Asked by host and sports broadcaster James Pearce about the lack of a women’s team from Manchester United, Simmons added: “It’s strange because they have one of the best talent pathways for young girls in the country and they produce great young players, but then they’re feeding them into other clubs like Manchester City and Liverpool or Everton because there’s no where else for them to go. Other clubs that have been very successful are those who have embedded the women’s side into the club, so it gets the investment, expertise, resources and support right across the organisation. That’s what will make a huge difference to the game.”
Glenn added: “While it’s a club decision, we do have a responsibility. It’s for The FA to keep investing in women’s football, in order to make the business case for clubs like Manchester United more compelling. For most Women’s Super League teams right now, it is still an investment. So for the short-term we need to incubate that game so that down the line, as attendances and TV audiences continue to improve, it will be an obvious thing to do. This investment will become a commercial case.”
Glenn also reiterated that the England team will wear the poppy in tomorrow’s FIFA World Cup qualifier against Scotland.
Any sanction for doing so on Friday is likely to be limited to a fine but Glenn said: “We’ll contest it strongly because we believe – we’ve had QC opinion on this – our case is absolutely rock solid. So, good luck.
“In the event if there were something [a fine], I’m sure we could persuade them to divert the finances for the Royal British Legion. But I’m very confident it won’t come to that.”
“Unfortunately, with new personalities coming in there, they felt they wanted to make a bit of a stand, which is very disappointing. We think they’re interpreting the rules wrongly. This is a law-of-the-game issue, not a FIFA competition issue.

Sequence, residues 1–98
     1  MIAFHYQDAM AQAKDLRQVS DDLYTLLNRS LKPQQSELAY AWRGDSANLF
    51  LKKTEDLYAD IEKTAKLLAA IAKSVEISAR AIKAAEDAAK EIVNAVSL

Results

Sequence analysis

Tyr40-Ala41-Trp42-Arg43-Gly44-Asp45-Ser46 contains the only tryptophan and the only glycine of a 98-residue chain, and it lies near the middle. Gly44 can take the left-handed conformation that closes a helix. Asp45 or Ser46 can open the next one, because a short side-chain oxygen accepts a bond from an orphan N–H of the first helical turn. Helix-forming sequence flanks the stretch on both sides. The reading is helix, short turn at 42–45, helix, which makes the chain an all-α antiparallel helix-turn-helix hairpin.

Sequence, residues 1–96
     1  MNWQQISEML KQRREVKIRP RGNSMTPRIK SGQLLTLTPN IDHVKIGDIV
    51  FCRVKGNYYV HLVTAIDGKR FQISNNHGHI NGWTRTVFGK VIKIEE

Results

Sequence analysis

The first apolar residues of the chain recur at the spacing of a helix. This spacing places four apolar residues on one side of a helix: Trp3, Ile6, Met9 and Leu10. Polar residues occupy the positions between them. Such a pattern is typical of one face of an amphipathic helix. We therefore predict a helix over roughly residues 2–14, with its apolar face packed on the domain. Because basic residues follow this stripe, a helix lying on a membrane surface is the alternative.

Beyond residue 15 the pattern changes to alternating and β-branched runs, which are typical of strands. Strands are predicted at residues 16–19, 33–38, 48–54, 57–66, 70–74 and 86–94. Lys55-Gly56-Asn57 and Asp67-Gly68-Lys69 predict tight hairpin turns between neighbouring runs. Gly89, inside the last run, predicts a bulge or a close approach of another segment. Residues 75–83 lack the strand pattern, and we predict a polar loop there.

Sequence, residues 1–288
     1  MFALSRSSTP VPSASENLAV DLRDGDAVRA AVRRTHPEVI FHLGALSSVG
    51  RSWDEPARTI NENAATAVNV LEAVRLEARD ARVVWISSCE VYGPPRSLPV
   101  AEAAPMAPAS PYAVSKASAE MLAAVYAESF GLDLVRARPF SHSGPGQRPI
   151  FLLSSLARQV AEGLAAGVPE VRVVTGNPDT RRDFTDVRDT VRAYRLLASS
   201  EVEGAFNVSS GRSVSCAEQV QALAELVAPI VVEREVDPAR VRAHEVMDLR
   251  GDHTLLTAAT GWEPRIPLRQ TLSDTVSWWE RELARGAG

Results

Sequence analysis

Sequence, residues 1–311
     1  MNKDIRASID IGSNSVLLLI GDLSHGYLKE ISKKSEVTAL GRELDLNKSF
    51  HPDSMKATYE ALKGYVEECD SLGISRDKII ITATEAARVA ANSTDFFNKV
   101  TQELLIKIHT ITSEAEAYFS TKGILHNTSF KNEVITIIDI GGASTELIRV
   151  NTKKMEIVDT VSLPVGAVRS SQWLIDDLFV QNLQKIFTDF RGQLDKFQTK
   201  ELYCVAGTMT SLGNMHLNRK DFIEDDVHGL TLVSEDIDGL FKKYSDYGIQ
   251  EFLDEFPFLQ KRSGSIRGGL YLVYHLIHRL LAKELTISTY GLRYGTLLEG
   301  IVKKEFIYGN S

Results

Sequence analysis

“In England over the last couple of weekends, clubs have been wearing poppies on shirts, which is also a breach of FIFA regulations – and nothing’s happened about that - so I’m very confident that our legal position is right, our moral position’s certainly right, and – you know what – there are bigger things in the game for FIFA to worry about.”
During the member’s Q&A at the end of the panel discussion, the pair was asked about decoupling the women’s game to market itself independently.
Simmons commented: “With the lastest women’s strategy we separated the rights and sold them separately but it was a bit of a hybrid approach because we already had existing partners. However with new partners such as SSE and Continental Tyres, they have come in solely for women’s football. It’s early days, but we’re working with our new commercial director Mark Bullingham on how best to structure ourselves to deliver on our ambitions to grow the game and bring in revenues.”
The Sport Industry Breakfast Club is the industry’s number one networking event series with four content-led networking breakfasts over the course of the year. Each event welcomes up to 200 guests from across the industry for an interview with a panel of leading figures from the world of sport and business.
The Sport Industry Breakfast Club is supported by MP & Silva, the leading international media rights company, and takes place quarterly at The BT Centre, St Paul's, London. Memberships are available for 2017 now. Click here for more information.